mikesbytes wrote:So what speed does that give you at 140rpm?
53 x 11 x 140 = 85kph
I've hit 72kph on a slightly downhill sprint by using other riders and tail wind assisted.
Anyway the point being that worrying about top gear tends to more a cadence issue for many riders
Ive been in plenty of A grade sprint finishes and won more than my fair share. Never needed anything more than 53-14.
If a person reckons they need 53-11 then they should email Lotto and ask for Andre Greipels job.
That assumes you are riding on the flat, I have raced a hilly handicap that finished with a 6km descent. I wanted more than a 53/11 as I have trouble maintaining a cadence of 110+rpm for a more than a couple of minutes. Still caught a couple of people on the descent, but got passed by others including a couple of under 17s riding reduced gearing.
Also assumes you can keep (or want) a high cadence, the only other time I wanted more than 53/11 was on my TT bike with a strong tailwind. My preferred cadence on a TT bike is 75, I was putting in 85 until my legs told me too fast, too hard and I needed to drop the cadence
nic, you would probably benefit from training yourself for a higher cadence. I'd say at those cadences that you probably suffer unnecessary fatigue. A higher cadence means you put less power into each pedal stroke, but its a complex topic and there are different solutions for different people.
Many times I averaged (!) 105rpm over a 3 hour race... Took me a few years of training before I could keep a high cadence for longer period of times.
Can't fight genetics.
Yes my son who is 17, on a road bike, on an undulating course.
Last 3 TTs (this year)
That was using a disc wheel, 60mm front and clip on bars. Slid the seat forward about 20mm.
He's doing his HSC and not training hard but is going well in club A grade.
Next year he will be able to train better and should improve even more.
Id like to say he has my genes but I think he got my dads (his grandads)
Flat & smooth road & on a road bike, very little wind as well. Solid Zone 3 ride for me & weigh around 69kg atm. Bottom right corner of image, distance 40.58km with avg speed of 40.5kph. Ideal conditions weather wise & road surface wise. Always enjoy this tempo ride as its on the gas uninterrupted apart from the point where I turn around to head back. Conditions play a major part in averages, means little really in the scheme of things. I could do same ride on a windy day with same wattage & avg 37kph or less.
The weekend before last, a group I was riding with averaged well above 40km/h over a 20km stretch of road.
Check us all out on 23/3/2013
Granted, it was a gentle downhill, and we had a howling tailwind pushing us across a very exposed open plain... but I can stand proudly and claim that I've averaged 46km/h over 21km ... and in the middle of a 160km ride at that
Just don't ask me to turn around and maintain the same speed back the other way
We were each riding solo, no drafting... because there was really nothing to be gained by holding a wheel. It was like riding in still air at ~35km/h
Last edited by barefoot on Thu Apr 04, 2013 3:25 pm, edited 1 time in total.
Which brings me back to my point that average speeds mean nothing. If you could do 34 on beach road i reckon i could coach you to a 40kph time trial in a matter of months. On the same fitness the various factors involved are limitless. I could change your bike position and gain you a free 5 kph. Put you in a race and see the difference adrenalin makes. Teach you how to gain seconds by riding on the fastet part of the road... how to pace yourself ...what gears to use ... the list goes on. Wind, hills, humidity ...so many factors. And we havent even begun talking how individuals may be geneticall predisposed for or against riding fast as an indvidual. I used to average 26 kph on my training rides but raced A grade in nsw biggest club. What you do on a training ride means zero.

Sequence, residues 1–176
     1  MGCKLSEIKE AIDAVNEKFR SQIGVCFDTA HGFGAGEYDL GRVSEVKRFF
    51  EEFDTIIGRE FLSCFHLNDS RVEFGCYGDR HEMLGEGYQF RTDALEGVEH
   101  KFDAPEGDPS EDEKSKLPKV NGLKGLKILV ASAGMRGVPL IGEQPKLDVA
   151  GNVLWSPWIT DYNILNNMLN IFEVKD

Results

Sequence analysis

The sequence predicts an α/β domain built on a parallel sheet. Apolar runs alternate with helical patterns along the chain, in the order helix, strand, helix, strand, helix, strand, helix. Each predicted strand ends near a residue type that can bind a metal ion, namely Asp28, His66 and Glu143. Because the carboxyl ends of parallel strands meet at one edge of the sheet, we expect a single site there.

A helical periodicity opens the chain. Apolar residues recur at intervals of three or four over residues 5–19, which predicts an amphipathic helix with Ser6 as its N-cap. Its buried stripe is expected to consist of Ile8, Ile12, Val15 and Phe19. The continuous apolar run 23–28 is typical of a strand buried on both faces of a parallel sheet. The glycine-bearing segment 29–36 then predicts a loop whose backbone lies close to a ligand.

Muscle fiber type and cadence is apples and oranges. One is a property of genetics while the other is a property of training, i.e. the latter can be trained while the former remains more or less the same. In other words, your muscle fiber make up has no bearing on your cadence.
Actually the former can change and does as a result of training but there is physiological limits on it.
I agree that the latter (cadence) is more of a motor pattern issue.
The two figures I quoted, do not demonstrate what cadences I do ride at on a road bike.
On my race bike, if I am commuting or riding in a bunch my cadence is usually in the 85 to 95 range
If I am working hard, interval training or on the front of the bunch my cadence is usually in the 95 to 105 range
If I am attacking, sprinting etc my cadence may start as low as 60 and will top out at 120, but I once I get going my cadence in usually in 105 to 115 range..
If I ride my 53/16 singlespeed I am usually around 80 to 85rpm aka 32 to 35kph. Last time took I it out on a group ride, was close to 44kph for a 1.5km "sprint" and maxed out at 48kph
My TT bike is quite different, I will use a decent 90+ cadence to get up to speed, then settle in around 80 for the duration of the TT. That what is working for me at the moment, consistently improving and best performing TT rider in my grade.
Give me a flat, smooth and well maintained road surface, high temperatures (30C+) and no wind, In one hour I would cover 35km on my road/race bike at a cadence of 100 and 38km on my TT bike at a cadence of 80.
Last edited by nickobec on Thu Apr 04, 2013 11:38 pm, edited 1 time in total.
Did you read Part II? The bit about power-velocity. I find high cadences exhausting, my HR goes up for the same power. And I'm not seeing many TT guys running 53/12, it's all 54 or 55/11. There are no hard/fast rules for self selected cadences, but as a rule of thumb the track specialists like to spin, the TT specialists prefer to grind.
Sent from my iThingy...
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